Don’t stop writing, i personally have read just about every book you’ve written 🙂

  • Terrie

    What a great post. My husband, kids, and I just finished butchering our own pasture based pig (it’s taken us about 10 days total) and have been using Charcuterie as our bible. The bacon goes in the smoker tomorrow, followed closely by the hams.
    Thanks for the infallable recipes!

  • Joan

    I noticed that you have either roasted or hot smoked the cured bacon. Can you instead only cold smoke it? Is it necessary to roast or hot smoke it?

  • Wm Kirby

    Shortly after my plunge into the world of The Big Green Egg, I purchased Charcuterie and love it! I’ve since done 2 full pork belly / bacon cures(dry) and smoke.. both amazing (thanks to your guidance!) Question – have you every done a wet cure with pork belly for bacon? Pros / cons to the dry cure?

  • Jon

    I’ve been looking around the internet for awhile now, with no luck, for information about ventreche. Most recipes that call for it say to substitute pancetta, which is fine, but I am left wondering what am I missing? What makes it different from pancetta? D’Artagnan says its cured with salt, pepper and garlic but no other hints.

    any comments?

  • Carrie

    Do you keep the skin on when you use the trimmings to make salt pork? I did but wasn’t sure if it was the proper thing to do.

    • ruhlman

      I only keep skin on when I’m confiting and will cook it in a way that will crisp the skin. skin loaded with gelatin so it’s great for stocks and stews.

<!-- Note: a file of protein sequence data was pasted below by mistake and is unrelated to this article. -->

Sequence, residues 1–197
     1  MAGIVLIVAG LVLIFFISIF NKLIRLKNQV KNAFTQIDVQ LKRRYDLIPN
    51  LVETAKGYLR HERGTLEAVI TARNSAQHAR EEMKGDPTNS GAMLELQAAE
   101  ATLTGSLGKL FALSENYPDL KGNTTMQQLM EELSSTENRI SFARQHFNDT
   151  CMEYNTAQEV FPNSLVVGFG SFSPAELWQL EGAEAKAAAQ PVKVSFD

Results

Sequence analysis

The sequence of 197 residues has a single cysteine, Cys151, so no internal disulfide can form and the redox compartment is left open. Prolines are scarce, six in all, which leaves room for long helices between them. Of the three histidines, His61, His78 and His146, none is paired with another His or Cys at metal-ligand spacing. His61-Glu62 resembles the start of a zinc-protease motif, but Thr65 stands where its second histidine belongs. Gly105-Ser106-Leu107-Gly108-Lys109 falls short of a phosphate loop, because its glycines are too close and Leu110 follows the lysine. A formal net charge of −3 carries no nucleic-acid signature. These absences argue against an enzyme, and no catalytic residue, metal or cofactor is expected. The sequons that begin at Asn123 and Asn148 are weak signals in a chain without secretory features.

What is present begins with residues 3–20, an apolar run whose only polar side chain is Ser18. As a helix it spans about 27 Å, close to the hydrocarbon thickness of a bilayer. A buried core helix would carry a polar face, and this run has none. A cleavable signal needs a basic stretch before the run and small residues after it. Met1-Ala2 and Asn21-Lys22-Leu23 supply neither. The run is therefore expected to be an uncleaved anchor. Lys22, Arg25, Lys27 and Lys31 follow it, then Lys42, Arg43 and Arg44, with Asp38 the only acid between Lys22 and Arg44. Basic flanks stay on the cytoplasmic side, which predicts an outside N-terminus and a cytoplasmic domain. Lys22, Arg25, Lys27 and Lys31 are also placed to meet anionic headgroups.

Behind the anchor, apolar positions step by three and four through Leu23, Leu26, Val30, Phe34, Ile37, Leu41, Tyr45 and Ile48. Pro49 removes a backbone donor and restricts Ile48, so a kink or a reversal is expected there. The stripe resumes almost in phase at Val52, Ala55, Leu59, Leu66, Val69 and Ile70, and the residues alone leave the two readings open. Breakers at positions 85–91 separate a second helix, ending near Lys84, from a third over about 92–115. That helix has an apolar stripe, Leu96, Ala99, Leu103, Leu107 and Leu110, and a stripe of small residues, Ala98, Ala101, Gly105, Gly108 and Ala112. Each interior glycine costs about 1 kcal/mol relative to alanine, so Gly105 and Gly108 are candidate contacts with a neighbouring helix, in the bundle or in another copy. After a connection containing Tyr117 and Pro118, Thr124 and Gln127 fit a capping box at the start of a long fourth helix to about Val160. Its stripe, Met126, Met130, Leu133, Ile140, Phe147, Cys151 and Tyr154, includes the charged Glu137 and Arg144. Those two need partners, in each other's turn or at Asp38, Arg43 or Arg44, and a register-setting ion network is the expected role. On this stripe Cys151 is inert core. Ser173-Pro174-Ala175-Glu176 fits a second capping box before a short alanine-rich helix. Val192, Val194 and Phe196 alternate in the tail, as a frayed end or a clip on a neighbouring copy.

• Larry

    Is there a way to age the pork belly a little longer for a proscuitto/palatable result when sliced thin and eaten as is?

  • Ryan@Prolefood

    Michael, I have recently stumbled on your blog and really enjoy it. This post in particular is quite good, as a reminder for everyone! I also find your offhanded manner, eschewing fancy ‘persnickety’ methodology in favor of just getting folks to cook. I started my own blog in response to friends constantly asking me to show them how to do this and that, but I guess I could have simply sent them here!

    I was curious as to whether you have ever tried something along the lines of a beef bacon? I don’t even know whether one could call it such.

  • Larry

    Michael, I have recently stumbled on your blog and really enjoy it. This post in particular is quite good, as a reminder for everyone! I also find your offhanded manner, eschewing fancy ‘persnickety’ methodology in favor of just getting folks to cook. I started my own blog in response to friends constantly asking me to show them how to do this and that, but I guess I could have simply sent them here!
    I was curious as to whether you have ever tried something along the lines of a beef bacon? I don’t even know whether one could call it such.

    A chef at a local restaurant here in Charleston, SC does an awesome lamb bacon. Chef Craig Deihl of Cypress ” A low country grill”

  • Sam Hiersteiner

    All – Thanks in part to Ruhlman’s inspiration, I did an interview series with the chefs who are competing in this year’s Cochon 555, the heritage breed pig cookoff, in Washington, DC ( I’ll also be live tweeting @samsgoodmeats starting today (3/13) at 330pm. Follow me if you’re interested!

  • Rob Pattison


    Do I need to use pink salt if I intend to keep my bacon in the fridge and use it within a limited period of time? If so, how long can I safely keep it?

    Thanks in advance.


  • George McNulty

    Love the Chacuterie book, my stomach is glad I am working my way through it, just ready to try the dry cured sausages.

    Questions, do you stil reccommend the Bradley smoker? I have a charchoal cabinet model but have trouble mainitnaning the temp. Two little ones running around the house got me thinking about a Bradley as a huge time saver and safety improvement, but I see a lot of complaints about poor temp control. Masterbuilt makes a similar type have you used this one?